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Feeding the Sleepy Baby

Feeding the Sleepy Baby

April 12, 2021

Trying to breastfeed your sleepy newborn can be a difficult challenge. Those first few weeks can be especially hard. We are often waiting until baby is awake to try and feed but for some babies that may not be for several hours.. which isn't exactly helpful for establishing your milk supply. It may come as a surprise, but the best time to feed a newborn is actually during the rapid eye movement (REM) stage of sleep.


The REM stage of sleep is characterized by rapid movements of the eyes under the eyelids. It's also considered the light sleep state. This stage typically occurs every 30 minutes, on average, but varies from baby to baby. Babies will typically transition through the following stages: 


1. Drowsiness/beginning to doze off

2. Light sleep. May startle or jump to sounds.

3. Deep sleep. Baby is quiet and does not move.

4. Very deep sleep. Baby is quiet and does not move.


After reaching a very deep sleep state, baby will then transition from stage 4, to 3, to 2, and then to REM. This cycle could then occur several times. As baby begins to transition from sleeping into awake they will transition through these stages:


1. Quiet Alert. Body is still. Eyes may be focused. Baby is likely cuddly and taking in their environment.

2. Active Alert. Movement becomes more frequent. Baby may start to make sounds and look around.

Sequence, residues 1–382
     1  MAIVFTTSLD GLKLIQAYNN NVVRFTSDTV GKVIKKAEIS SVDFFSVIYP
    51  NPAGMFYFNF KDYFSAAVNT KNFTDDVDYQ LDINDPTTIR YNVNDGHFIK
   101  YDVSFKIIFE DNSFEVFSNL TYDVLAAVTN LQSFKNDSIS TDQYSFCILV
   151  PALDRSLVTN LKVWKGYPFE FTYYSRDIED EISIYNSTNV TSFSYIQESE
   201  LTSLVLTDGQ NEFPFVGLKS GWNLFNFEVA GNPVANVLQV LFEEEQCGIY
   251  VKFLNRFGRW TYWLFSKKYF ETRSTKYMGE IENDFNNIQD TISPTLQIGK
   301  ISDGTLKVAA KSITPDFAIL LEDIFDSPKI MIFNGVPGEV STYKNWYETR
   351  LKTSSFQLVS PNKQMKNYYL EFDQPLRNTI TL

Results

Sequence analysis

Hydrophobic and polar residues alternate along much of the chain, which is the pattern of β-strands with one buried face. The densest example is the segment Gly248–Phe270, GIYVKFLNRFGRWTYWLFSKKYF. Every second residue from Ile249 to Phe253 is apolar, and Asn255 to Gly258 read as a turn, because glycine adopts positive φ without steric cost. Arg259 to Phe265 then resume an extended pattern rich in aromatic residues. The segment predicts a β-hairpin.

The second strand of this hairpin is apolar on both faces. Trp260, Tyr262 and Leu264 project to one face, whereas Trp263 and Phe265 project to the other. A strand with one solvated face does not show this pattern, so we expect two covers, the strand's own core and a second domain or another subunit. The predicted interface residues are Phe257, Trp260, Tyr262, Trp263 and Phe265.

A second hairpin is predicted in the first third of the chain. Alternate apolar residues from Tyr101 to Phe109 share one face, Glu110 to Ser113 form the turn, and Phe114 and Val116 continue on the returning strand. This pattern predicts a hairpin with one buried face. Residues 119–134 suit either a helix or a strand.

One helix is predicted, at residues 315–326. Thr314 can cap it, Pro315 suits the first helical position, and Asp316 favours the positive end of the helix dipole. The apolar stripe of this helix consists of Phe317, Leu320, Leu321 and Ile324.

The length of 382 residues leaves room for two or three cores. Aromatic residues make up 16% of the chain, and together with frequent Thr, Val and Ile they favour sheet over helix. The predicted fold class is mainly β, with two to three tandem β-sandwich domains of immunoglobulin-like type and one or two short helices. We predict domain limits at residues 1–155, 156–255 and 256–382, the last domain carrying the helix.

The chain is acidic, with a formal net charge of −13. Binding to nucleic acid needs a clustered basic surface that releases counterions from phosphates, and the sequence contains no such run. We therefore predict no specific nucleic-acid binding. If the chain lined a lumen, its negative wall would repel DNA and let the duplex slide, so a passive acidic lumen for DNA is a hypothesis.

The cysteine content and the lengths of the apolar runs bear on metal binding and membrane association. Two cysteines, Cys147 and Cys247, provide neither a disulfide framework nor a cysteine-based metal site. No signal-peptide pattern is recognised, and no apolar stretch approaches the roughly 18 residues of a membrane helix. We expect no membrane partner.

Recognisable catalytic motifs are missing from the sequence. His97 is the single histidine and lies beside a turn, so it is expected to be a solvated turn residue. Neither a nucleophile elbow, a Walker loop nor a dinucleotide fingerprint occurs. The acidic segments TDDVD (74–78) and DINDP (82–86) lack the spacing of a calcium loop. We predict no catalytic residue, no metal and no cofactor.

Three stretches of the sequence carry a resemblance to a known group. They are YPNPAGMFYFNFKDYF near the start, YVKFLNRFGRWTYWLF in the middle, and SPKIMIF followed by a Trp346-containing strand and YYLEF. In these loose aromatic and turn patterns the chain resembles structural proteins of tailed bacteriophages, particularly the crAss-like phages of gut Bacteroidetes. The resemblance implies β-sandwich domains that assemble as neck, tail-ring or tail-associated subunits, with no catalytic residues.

3. Crying. If baby is hungry, lonely, or uncomfortable they may then start to cry. 


The length of time it takes to transition through each of these stages varies from baby to baby and can happen quite quickly for some. We often think of the Active Alert stage as the right time to try to feed baby but as we can see, this may not leave us enough time before the crying starts. And once the crying begins, it could take some time to get baby to calm down enough before being able to feed well. When you find yourself in this situation (because we've all been there!) it could be really helpful to initiate skin to skin. Skin to skin is a great way to help regroup, calm baby down, and initiate those feeding cues.


Although it may not seem like it, REM is in fact an early hunger cue. Along with rooting (opening mouth and turning head side to side), sucking on hands, and soft cooing sounds. It can take some time to be able to recognize these as hunger cues and not just cute little movements and sounds but with time it gets easier.


So the next time your little one is asleep, keep an eye out for those eye movements :) When you begin to notice them you can start by un-swaddling baby (if swaddled). Bring baby in with tummy towards you and allow their little hands to embrace your breast. You may be surprised to see just how well baby begins to nurse while "asleep". But your familiar scent and warmth is just what baby wants and helps them find their way. 



Photo by Jenna Norman on Unsplash

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